EDITORIAL: Ignoring our Treaty obligations
“States Parties shall take all appropriate legislative, administrative, social and educational measures to protect the child from all forms of physical or mental violence, injury or abuse, neglect or negligent treatment, maltreatment or exploitation, including sexual abuse, while in the care of parent(s), legal guardian(s) or any other person who has the care of the child.” – Article 19(1) – Convention on the Rights of the Child (1990)
There are some issues that frequently arise in local public discourse that are never resolved thereby but simply fret their hour upon the public stage and then fade away, only to re-emerge at some future date through a media report or some other information. Common examples are the appropriateness and efficacy of the death penalty in modern-day Barbados, the contemporary relevance and utility of the Common Entrance Examination as a mode of transferring children into local secondary schools and the consonance of the current location of the Lord Nelson statue with the existing national ethos.
Another such is the issue of corporal punishment of children at schools and in the home. There was once a time when there could be no dispute about this phenomenon; a time when such punishment formed an indispensable part of the armoury of the schoolteacher to correct the behavioural and scholastic errancy of their pupils. Likewise, parents then generally regarded the unregulated corporal punishment of their children for misconduct to be a fundamental right.
However in 1990, Barbados, in the exercise of its sovereign treaty-making power, voluntarily ratified the Convention on the Rights of the Child without reservation and thereby undertook to be bound by its provisions and further, to submit, at stipulated periods, to the Committee established under the Convention, reports on the measures it had taken to give effect to the rights recognised there and on the progress made on the enjoyment of those rights. The obligation stated in the epigraph was also assented to, despite its inconsistency with our cultural ethos.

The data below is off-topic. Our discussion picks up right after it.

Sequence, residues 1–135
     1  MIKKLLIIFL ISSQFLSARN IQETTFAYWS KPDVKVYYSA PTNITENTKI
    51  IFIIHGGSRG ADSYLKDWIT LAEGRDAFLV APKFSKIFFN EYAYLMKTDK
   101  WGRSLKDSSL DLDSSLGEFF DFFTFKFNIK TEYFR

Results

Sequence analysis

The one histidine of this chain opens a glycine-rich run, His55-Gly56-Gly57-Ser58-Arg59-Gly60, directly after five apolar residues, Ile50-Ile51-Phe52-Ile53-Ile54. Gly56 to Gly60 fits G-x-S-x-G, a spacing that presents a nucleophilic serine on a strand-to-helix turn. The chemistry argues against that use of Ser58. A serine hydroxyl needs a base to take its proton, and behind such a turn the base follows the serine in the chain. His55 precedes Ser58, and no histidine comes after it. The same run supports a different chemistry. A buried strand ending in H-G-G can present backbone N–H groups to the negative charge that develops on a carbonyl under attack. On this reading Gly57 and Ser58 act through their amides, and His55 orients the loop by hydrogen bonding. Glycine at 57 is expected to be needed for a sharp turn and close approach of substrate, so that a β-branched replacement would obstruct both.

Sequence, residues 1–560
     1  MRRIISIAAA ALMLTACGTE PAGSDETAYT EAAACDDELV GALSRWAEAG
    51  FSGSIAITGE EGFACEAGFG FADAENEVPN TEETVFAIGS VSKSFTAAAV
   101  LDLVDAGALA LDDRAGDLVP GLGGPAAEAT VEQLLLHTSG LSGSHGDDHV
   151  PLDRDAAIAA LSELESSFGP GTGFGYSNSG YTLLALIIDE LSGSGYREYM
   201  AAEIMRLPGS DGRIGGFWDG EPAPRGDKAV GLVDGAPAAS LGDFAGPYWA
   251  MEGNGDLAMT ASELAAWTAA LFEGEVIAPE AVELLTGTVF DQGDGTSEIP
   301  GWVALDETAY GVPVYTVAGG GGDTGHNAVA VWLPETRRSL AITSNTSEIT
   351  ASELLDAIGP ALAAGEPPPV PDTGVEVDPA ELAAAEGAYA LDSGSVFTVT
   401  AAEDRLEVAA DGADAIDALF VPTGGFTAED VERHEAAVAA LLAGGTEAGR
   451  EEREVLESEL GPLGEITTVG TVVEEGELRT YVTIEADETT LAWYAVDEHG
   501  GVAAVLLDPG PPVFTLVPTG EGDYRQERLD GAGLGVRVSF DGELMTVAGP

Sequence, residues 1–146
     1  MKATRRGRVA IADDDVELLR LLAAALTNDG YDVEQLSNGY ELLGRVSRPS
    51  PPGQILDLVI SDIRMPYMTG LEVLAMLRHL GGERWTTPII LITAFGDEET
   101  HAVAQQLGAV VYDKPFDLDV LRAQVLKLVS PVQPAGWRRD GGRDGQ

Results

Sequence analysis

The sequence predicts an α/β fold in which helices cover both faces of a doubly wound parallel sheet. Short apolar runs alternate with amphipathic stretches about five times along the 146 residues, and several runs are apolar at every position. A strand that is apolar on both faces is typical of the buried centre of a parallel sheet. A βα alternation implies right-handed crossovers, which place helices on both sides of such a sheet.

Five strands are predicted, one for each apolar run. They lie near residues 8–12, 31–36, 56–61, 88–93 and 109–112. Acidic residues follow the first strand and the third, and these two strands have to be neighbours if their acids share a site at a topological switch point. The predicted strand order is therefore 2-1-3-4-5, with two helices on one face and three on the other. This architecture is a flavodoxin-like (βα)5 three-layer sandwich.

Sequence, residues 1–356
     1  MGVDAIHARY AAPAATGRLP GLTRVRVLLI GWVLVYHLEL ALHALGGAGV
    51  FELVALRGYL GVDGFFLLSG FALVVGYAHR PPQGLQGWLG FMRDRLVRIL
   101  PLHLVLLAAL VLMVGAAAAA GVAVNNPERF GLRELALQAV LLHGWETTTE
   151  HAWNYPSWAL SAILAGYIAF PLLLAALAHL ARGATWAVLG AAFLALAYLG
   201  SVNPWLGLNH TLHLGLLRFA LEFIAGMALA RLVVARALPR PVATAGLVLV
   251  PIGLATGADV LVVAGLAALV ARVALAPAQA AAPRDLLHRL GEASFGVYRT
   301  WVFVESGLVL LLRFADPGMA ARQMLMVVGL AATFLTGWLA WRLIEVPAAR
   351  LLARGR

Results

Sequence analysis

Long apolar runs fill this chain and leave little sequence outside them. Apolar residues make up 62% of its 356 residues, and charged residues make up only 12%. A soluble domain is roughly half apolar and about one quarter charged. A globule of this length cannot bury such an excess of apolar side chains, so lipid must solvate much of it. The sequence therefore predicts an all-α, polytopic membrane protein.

As appears to be the national practice, we seemed blissfully unaware of the precise nature of the obligations we had ratified and thus there is an air of resentment every time we are reminded that the local practice of corporal punishment is out of step with the norms of the Convention.
Had we sought to follow the established tradition of submitting our ratified treaty obligations to the consideration of the competent authority (Parliament) and opened the matter for public discussion, the Executive might have been forced to rethink its commitment to the principles of the Convention.
As it is however, we have agreed internationally to the removal of corporal punishment from our laws and we are forced each time that there is an adverse report on the state of our law by the Committee to engage in the sophistry that corporal punishment is not physical violence, that it is done in love and that it should remain as an option available to teachers when all else fails.
According to a news report, Barbados has been lauded for the significant progress it has made in the areas of child health and education. Yet, these are part only of the treaty obligations the State has undertaken to its children.
We acknowledge that the immediate likelihood of Barbados reforming its laws to proscribe the corporal punishment of children in the school and at home is at best slight. We are not a people easily given to change and a withdrawal from the treaty at this stage would be a national embarrassment. Hence, for the foreseeable future, we will continue to be scofflaws to our international obligation and the Committee will continue to insist that we “explicitly prohibit in legislation corporal punishment in all settings”.